Wednesday, October 2, 2013

Stages, part 3 (finally!)

I have been itching to write for quite some time now. A brief recap of what I have been doing: after completing the USMLE (United States Medical Licensing Exam) Step 2 in late August, I spent this past September doing an elective rotation at the Shepherd Center—the same place where I spent about three months as an inpatient after my accident in the summer of 2009. Being there brought back a lot of memories about which I could write plenty, but right now I want to write about something that I have intended to write about since I wrote “Stages” and “Stages, part 2: Anger” months ago.

As I said in the post “Stages”, the K├╝bler-Ross model’s five stages of grief are denial, anger, bargaining, depression and acceptance. I wrote about stage one, denial, and stage two, anger, already in the two posts linked above. Tonight, I will write about the next few stages.

“If I could at least get something—anything—back, I will be thrilled. Please, God, give me something back,” I thought to myself and bargained with God more than once. I imagined what I would do and how I would tell people once I had recovered. I wanted to take a photo of myself standing and giving high fives to my two best friends who also spent their summer of 2009 with me in the hospital. I would make that photo my Facebook profile picture. Maybe I would not be able to walk perfectly and I would have to use a cane. I would buy myself the coolest looking cane. I would have the coolest stories to tell people while looking wise and holding my cane.

“Man, this is going to make the best personal statement,” a friend said to me as I lay in my hospital bed. He, too, believed that I would be out of the hospital soon and running again.

In the bargaining stage, people usually bargain with a higher power. I certainly did. I prayed and vowed that if I was healed, I would forever be in God’s debt. I would be a changed man and I would always be righteous. Little did I know at that time, this is what everyone goes through.

I thought I was doing everything right. I was 100% confident that everything would be okay. I would be completely healed. I did not think anymore that I would wake up one morning and suddenly be completely and miraculously healed, but I did think that I would one day discover that I could move a toe or feel the warm water running over my legs in the shower.

Throughout this time, though, I never allowed myself to truly be outwardly and noticeably sad. There were some difficult times through which I had to go during the over the course of the first year after my accident. If I was 100% healed, if I could walk again, then none of this would be happening. Everything would be okay and everything would be so much easier. I would get what I wanted and would not have to struggle.

But, as the Lebanese writer Khalil Gibran said, “Out of suffering have emerged the strongest souls; the most massive characters are seared with scars.”

My family and friends were always looking to me for strength, instead of the opposite way around. So, rather than going through the typical fourth stage of grief, depression, I kept a smiling face. This does not mean I did not feel pain. As I wrote here, I did. But you could never tell.

As I was telling a close friend of mine and as many of you may have read if you have kept up with my blog since the beginning, my first year in medical school was a struggle. In addition to dealing with the rigors of a new medical college campus with a surprisingly more difficult curriculum than the main campus, I also had to deal with coming to terms with my disability and adapting to living alone once again.  Coming to terms with a something as big in one's life as a crippling disability is something that usually takes people many years. It was my choice to start medical school only one year after my injury. I did not want to waste more time and I did not want people to see me as more “disabled” than the disability I had already made me seem. So I carried on. Life was not stopping.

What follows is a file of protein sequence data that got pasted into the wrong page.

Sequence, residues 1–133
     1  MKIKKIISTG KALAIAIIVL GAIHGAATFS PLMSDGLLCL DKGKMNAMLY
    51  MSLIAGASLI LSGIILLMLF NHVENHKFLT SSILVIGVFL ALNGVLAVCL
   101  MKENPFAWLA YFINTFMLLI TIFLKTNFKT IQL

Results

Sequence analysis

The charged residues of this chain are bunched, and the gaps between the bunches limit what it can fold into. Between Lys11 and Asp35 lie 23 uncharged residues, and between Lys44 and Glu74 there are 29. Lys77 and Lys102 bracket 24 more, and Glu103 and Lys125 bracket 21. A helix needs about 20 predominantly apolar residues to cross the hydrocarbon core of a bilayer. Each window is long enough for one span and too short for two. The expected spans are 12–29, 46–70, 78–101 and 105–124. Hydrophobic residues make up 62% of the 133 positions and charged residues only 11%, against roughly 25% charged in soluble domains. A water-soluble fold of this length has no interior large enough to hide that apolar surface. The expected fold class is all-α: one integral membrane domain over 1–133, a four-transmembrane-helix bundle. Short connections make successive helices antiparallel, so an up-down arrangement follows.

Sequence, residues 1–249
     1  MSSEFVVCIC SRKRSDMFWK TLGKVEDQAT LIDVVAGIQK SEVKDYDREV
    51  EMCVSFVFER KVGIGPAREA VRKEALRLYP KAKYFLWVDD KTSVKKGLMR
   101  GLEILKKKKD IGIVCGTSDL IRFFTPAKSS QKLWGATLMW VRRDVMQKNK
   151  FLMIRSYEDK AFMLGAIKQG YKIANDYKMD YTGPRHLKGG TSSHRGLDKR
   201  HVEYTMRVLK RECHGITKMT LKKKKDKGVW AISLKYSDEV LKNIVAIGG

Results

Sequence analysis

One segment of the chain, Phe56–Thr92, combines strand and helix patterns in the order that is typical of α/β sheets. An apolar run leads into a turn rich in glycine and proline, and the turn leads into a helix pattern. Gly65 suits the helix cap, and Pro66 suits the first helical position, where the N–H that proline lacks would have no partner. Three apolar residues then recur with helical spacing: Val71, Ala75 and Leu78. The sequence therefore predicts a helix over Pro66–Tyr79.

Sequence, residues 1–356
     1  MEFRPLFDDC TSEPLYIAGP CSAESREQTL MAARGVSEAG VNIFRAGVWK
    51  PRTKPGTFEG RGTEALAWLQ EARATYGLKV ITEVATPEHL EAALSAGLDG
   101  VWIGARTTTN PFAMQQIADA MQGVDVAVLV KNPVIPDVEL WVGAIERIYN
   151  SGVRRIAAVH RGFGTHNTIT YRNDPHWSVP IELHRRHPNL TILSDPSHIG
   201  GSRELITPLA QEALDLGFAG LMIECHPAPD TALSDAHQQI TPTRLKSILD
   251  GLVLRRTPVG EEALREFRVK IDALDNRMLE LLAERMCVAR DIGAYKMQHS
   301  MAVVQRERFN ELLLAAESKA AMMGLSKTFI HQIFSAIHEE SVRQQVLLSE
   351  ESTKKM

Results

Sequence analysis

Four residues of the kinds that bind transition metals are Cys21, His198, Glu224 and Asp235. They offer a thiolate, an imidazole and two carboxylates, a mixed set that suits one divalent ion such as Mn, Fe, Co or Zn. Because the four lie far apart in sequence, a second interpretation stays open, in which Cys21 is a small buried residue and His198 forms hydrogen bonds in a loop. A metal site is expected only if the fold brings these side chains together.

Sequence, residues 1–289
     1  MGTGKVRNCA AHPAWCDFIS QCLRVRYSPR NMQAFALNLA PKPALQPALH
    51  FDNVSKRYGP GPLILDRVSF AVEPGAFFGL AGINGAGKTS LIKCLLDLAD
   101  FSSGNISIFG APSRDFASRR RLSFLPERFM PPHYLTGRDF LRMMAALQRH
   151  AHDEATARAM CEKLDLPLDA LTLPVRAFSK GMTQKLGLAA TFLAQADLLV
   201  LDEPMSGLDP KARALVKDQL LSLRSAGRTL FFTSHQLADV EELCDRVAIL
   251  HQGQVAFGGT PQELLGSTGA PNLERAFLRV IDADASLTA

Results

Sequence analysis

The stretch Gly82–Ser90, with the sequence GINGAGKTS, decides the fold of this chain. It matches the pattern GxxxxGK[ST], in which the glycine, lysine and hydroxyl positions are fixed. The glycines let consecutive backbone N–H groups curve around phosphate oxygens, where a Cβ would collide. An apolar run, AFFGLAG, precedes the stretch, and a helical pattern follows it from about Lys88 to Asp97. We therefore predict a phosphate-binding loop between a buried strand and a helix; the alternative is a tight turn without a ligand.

There came a time during my first year of medical school when I was struck with a strange yet honest realization. I spent most of my time studying. Even as things fell apart, things were not slowing down. I was not having fun. There was no time for fun. I realized that in all honesty and as morbid as this may seem, I could die soon. We all could.

So I asked myself, “If I knew I had one week to live, what would I be doing? Is this how I would want to spend it?”

I kept a smiling face. I looked at the bright side of things. I moved forward.

This is what I set out to do.

There are too many times we get locked in the third or fourth stage of grief, bargaining and depression. For some, this is a hole from which some never rise.



A turning point in my life came in the summer between my first and second year of medical school, the summer of 2011.

This post is getting fairly lengthy and I have not even concluded it properly yet. It is also time for me to go to sleep. For now, I will end it right here. I actually wanted to write about the fifth and last stage, acceptance, and I promise to do that very soon since I am eager to continue this. In the meantime, I provided many links above through which you can read and refresh your memory until then. And as a preview for the upcoming post and to see what place I was in at that time of change in the summer of 2011, here are two, more refreshing posts: “Clearing my mind” from August 2011 and “Balance” from September 2011.

I’ll leave you with a quote by one of my favorite writers, Chuck Palahniuk, that I actually made into an image and used as a wallpaper for my phone for the first year or two after my accident to give me strength: “It's only after we've lost everything that we're free to do anything.”